Being an eyewitness to a news event and posting photos and information from the scene on social media can place you at the receiving end of thousands of requests from the media.
But the closing panel at newsrewired in London yesterday (20 July) had high hopes that the way newsrooms source user-generated content (UCG) from social media could soon look very different.
The panellists highlighted some possibilities for publishers to move from a pack mentality of social newsgathering to a more ethical one.
For example, news agencies could reach an understanding whereby if one of them is granted permission to use certain eyewitness media, that permission would extend to all news agencies. And social media platforms themselves could develop a way for eyewitnesses to issue “blanket permissions” to journalists, by detecting the material posted could be of interest to news outlets and making it easier for sources to respond to requests about their footage being used.
Here are some of the standards that Sky News, CNN International, Reuters and Storyful use when a story breaks on social media.
1. Be human. Panellists encouraged journalists to remember that eyewitnesses are often in frightening situations that they may know less about than those in the newsroom. Approaching potential sources from a personal social media account and attempting to move conversations to private channels can help journalists and eyewitnesses build trust and communicate more securely.
“It’s okay to be a real person and ask people informally, because you are talking to someone on a human level and this helps with verification as well,” said George Sargent, social media producer at Reuters.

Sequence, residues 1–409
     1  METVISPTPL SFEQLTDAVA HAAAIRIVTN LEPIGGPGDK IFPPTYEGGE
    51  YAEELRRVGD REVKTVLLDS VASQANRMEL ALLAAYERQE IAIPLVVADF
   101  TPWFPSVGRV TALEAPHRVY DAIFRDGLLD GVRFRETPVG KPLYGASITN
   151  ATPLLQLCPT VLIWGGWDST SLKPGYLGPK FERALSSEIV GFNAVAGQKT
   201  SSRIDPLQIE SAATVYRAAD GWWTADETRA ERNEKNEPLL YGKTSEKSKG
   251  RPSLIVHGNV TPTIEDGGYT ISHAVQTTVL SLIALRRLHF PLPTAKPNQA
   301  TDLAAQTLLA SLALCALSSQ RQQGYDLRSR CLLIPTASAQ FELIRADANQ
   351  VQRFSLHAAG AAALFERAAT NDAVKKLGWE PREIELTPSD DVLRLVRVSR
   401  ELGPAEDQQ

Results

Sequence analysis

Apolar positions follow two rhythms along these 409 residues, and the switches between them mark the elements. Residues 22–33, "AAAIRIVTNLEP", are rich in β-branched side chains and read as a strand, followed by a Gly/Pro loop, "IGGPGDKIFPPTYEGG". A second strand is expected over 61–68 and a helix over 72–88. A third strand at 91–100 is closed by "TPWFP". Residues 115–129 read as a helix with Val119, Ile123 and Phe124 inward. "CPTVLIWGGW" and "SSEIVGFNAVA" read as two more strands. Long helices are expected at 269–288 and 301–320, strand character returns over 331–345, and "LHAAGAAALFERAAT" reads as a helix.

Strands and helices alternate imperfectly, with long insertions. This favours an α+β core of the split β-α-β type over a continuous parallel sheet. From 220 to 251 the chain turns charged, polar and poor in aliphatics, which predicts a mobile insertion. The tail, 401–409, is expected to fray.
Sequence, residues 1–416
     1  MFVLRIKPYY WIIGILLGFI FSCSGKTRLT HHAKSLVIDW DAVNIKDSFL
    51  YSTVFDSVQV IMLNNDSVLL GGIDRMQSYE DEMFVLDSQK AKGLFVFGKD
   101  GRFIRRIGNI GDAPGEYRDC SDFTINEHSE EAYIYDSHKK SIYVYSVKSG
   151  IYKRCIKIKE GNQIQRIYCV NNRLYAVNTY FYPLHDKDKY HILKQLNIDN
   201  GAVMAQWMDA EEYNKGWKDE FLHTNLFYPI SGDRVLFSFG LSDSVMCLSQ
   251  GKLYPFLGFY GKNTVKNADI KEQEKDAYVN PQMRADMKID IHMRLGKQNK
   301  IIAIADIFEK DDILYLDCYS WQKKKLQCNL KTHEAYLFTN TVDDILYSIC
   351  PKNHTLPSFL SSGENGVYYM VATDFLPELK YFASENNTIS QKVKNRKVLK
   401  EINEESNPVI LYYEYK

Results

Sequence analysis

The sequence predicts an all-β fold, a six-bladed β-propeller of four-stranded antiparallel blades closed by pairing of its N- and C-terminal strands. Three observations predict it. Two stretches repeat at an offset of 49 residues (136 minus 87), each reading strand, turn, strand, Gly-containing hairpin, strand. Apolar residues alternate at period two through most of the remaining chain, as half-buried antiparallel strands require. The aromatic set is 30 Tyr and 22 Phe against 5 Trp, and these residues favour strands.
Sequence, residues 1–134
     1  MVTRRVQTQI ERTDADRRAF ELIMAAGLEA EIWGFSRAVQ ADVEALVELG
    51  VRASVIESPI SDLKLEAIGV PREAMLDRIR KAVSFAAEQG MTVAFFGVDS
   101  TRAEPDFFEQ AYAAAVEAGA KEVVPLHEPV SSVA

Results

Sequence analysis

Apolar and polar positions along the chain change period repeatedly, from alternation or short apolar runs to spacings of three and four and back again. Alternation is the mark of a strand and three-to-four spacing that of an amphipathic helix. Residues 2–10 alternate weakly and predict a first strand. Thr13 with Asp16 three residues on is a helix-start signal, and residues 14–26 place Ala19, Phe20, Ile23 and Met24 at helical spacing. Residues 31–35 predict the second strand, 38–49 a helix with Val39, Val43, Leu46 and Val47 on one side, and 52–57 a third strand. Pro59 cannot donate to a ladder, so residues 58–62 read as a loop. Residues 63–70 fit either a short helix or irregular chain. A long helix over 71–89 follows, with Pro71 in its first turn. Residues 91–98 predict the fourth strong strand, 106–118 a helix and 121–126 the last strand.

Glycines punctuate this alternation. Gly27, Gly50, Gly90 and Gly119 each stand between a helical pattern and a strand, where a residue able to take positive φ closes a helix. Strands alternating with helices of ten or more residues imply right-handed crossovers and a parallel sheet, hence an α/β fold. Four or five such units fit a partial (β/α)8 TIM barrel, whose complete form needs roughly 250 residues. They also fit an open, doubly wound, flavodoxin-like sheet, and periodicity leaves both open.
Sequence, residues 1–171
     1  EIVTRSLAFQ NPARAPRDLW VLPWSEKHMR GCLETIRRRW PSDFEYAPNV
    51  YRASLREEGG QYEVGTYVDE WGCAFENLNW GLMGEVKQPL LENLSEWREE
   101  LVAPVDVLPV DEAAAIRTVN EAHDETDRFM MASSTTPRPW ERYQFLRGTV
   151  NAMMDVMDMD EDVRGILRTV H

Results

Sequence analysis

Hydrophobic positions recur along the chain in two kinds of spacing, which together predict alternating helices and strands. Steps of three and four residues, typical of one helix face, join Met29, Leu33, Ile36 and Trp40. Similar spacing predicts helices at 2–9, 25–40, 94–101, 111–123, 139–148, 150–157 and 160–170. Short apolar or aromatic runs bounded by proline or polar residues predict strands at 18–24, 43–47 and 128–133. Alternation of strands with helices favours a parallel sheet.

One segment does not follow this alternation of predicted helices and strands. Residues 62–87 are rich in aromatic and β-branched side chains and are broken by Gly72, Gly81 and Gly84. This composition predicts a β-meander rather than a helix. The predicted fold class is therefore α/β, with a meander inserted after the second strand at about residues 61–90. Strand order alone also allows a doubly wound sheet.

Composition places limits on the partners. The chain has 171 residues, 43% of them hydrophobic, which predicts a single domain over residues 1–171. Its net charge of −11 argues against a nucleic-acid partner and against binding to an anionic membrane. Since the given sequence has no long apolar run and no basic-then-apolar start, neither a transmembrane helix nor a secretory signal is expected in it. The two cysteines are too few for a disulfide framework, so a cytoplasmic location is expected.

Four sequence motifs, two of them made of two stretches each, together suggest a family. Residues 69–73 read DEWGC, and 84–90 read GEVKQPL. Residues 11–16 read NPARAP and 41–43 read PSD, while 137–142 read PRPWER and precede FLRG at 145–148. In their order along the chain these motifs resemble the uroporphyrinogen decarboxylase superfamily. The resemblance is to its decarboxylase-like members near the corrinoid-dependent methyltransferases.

2. Make sure eyewitnesses are safe — and keep them that way. Rachel Rodriguez, social media producer at CNN International, said the first question CNN journalists ask on social media is whether or not eyewitnesses are safe. However, concern about a source’s safety shouldn’t cease after that initial question. Asking for specific locations or contact details publicly can endanger those in hostile environments, as it can inadvertently encourage them to go out and collect more footage.
“The eyewitnesses you’re talking to aren’t professional journalists,” Rodriguez said. “You can’t talk to them the same way you talk to one of your correspondents.”
Sargent added that coming up with standards for ongoing news events can help ensure that publishers aren’t encouraging eyewitnesses to take unnecessary risks. For example, Reuters came up with policies for incorporating footage of the Ebola outbreak in their reporting: if it appeared filmmakers had endangered themselves while collecting material, by shooting too closely to those infected, Reuters would reject the footage.
The panellists also highlighted that it is journalists’ responsibility to consider whether calling a source or encouraging them to send lengthy material, such as video files, might drain precious battery power during a natural disaster and put the eyewitness at risk.